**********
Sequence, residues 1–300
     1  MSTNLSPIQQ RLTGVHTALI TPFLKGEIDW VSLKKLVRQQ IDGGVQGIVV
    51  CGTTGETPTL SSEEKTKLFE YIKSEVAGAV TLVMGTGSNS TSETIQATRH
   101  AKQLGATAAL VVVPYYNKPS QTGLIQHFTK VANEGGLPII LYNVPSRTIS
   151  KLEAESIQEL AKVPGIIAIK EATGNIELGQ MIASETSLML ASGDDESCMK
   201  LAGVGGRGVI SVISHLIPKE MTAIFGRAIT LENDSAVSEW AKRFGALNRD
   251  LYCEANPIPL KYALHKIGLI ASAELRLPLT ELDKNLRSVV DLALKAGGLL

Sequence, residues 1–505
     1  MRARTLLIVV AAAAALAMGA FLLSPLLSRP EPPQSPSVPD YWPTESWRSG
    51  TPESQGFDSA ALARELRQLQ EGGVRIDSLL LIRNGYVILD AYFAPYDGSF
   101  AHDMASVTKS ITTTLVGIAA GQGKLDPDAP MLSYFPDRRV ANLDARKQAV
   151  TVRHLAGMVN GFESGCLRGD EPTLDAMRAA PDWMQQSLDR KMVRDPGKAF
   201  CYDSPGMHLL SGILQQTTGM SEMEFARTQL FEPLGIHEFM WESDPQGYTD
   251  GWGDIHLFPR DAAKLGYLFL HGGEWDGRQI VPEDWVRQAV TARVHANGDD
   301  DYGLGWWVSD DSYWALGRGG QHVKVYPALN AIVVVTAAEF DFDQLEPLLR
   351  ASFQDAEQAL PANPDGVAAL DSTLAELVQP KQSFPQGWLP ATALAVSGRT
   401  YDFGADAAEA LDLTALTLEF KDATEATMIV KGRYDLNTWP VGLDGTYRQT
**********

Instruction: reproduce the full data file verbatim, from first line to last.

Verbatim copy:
Sequence, residues 1–300
     1  MSTNLSPIQQ RLTGVHTALI TPFLKGEIDW VSLKKLVRQQ IDGGVQGIVV
    51  CGTTGETPTL SSEEKTKLFE YIKSEVAGAV TLVMGTGSNS TSETIQATRH
   101  AKQLGATAAL VVVPYYNKPS QTGLIQHFTK VANEGGLPII LYNVPSRTIS
   151  KLEAESIQEL AKVPGIIAIK EATGNIELGQ MIASETSLML ASGDDESCMK
   201  LAGVGGRGVI SVISHLIPKE MTAIFGRAIT LENDSAVSEW AKRFGALNRD
   251  LYCEANPIPL KYALHKIGLI ASAELRLPLT ELDKNLRSVV DLALKAGGLL

Sequence, residues 1–505
     1  MRARTLLIVV AAAAALAMGA FLLSPLLSRP EPPQSPSVPD YWPTESWRSG
    51  TPESQGFDSA ALARELRQLQ EGGVRIDSLL LIRNGYVILD AYFAPYDGSF
   101  AHDMASVTKS ITTTLVGIAA GQGKLDPDAP MLSYFPDRRV ANLDARKQAV
   151  TVRHLAGMVN GFESGCLRGD EPTLDAMRAA PDWMQQSLDR KMVRDPGKAF
   201  CYDSPGMHLL SGILQQTTGM SEMEFARTQL FEPLGIHEFM WESDPQGYTD
   251  GWGDIHLFPR DAAKLGYLFL HGGEWDGRQI VPEDWVRQAV TARVHANGDD
   301  DYGLGWWVSD DSYWALGRGG QHVKVYPALN AIVVVTAAEF DFDQLEPLLR
   351  ASFQDAEQAL PANPDGVAAL DSTLAELVQP KQSFPQGWLP ATALAVSGRT
   401  YDFGADAAEA LDLTALTLEF KDATEATMIV KGRYDLNTWP VGLDGTYRQT